How do they decaffeinate coffee?

Someone told me that coffee beans are decaffeinated by using dry cleaning fluid
as a solvent to rinse out the caffeine. Is this true? If it is true, why dry cleaning fluid?

One of the processes uses Methylene Chloride, because Caffeine dissolves in it.

See: http://recipes.howstuffworks.com/question480.htm

I don’t think Methylene Chloride is used in commercial dry cleaning, but it’s a powerful solvent, and will dissolve many plastics.

Nowadays they increasingly use supercritical (liquid) carbon dioxide, I believe. Basically you need a solvent that will dissolve the caffeine out of the beans. To stop the flavour also being removed, they add the flavour to the solvent.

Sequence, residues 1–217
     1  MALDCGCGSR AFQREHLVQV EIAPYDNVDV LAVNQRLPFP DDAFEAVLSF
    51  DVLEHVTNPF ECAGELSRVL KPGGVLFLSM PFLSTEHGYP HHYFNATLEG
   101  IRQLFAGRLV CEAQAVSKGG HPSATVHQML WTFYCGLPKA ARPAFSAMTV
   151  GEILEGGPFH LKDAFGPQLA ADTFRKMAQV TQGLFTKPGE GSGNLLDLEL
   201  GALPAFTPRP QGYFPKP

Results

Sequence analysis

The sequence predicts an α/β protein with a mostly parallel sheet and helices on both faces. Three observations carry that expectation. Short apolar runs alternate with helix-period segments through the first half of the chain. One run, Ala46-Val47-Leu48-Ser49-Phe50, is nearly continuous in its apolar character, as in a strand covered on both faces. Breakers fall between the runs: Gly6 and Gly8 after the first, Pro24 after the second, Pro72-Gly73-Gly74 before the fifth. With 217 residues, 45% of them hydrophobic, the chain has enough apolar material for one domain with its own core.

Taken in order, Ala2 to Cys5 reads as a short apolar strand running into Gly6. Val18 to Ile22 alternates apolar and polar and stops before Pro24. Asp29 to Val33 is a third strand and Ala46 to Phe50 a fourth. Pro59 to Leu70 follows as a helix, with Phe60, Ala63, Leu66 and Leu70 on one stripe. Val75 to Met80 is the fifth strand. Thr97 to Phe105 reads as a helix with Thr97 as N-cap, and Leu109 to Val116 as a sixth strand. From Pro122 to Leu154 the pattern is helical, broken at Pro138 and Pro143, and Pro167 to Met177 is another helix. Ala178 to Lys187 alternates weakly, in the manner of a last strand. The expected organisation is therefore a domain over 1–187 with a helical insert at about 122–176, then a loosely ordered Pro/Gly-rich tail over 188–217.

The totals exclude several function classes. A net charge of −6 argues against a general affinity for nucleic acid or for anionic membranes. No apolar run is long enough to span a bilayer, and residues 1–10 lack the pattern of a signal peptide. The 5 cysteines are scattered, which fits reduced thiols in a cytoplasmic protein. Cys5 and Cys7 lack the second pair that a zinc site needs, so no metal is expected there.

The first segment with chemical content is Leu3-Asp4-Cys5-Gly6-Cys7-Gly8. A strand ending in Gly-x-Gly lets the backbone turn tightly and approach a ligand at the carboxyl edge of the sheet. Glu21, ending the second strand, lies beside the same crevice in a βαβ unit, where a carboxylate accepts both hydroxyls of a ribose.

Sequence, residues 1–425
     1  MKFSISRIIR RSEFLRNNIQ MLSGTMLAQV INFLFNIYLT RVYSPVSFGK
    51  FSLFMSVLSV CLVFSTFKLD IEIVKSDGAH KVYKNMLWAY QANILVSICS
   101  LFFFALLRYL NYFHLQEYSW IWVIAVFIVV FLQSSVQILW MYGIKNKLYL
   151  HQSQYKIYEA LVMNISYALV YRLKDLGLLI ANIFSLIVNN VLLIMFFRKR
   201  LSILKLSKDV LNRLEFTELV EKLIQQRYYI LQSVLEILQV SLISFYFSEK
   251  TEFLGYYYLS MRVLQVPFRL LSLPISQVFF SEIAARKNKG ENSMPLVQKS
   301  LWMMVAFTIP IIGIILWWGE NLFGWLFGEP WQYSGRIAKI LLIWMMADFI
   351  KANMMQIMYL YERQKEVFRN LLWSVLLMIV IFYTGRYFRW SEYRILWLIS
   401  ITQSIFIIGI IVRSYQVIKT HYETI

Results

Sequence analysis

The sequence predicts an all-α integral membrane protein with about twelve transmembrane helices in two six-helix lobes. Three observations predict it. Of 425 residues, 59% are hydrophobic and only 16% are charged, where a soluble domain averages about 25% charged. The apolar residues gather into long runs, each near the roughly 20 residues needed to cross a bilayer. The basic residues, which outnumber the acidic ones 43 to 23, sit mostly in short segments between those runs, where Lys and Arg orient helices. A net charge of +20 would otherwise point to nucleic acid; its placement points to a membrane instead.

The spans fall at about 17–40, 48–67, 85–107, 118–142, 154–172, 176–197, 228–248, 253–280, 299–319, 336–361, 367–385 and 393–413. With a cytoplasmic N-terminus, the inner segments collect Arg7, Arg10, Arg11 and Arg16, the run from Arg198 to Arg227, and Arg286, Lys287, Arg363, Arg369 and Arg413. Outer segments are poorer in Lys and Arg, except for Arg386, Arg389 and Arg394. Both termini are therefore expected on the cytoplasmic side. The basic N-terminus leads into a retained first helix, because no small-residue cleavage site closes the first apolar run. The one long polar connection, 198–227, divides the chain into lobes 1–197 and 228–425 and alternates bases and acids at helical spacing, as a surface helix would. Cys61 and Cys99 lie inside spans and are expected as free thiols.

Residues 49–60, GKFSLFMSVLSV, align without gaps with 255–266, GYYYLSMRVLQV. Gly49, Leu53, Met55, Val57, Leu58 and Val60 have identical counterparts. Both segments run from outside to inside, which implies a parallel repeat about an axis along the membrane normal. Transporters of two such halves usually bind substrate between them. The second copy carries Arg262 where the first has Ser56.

Because dichloromethane is an excellent solvent for caffeine, yet doesn’t extract many of the bean’s flavor components.
There are lots of other ways by which coffee is decaffeinated too.
This wikpedia article covers them nicely: Decaffeination

Colophon is right, but there is more magic to it than that. Supercritical CO2 dissolves different things under different conditions. For many things, solution only works above some pressure termed a threshold pressure. Caffeine, as well as various flavoring oils and essences that are part of coffee beans, are like this. The beauty of supercritical CO2 is that they can go just past the threshold pressure for caffeine, take the solution elsewhere with all these things in it, lower the pressure below caffeine’s threshold so it precipitates out, and then return the solution and exit the supercritical state to redeposit all the nice essences.

There is usually water present too (I forget why). That means they can call it the “sparkling water” process. But it’s not like they’re using Perrier.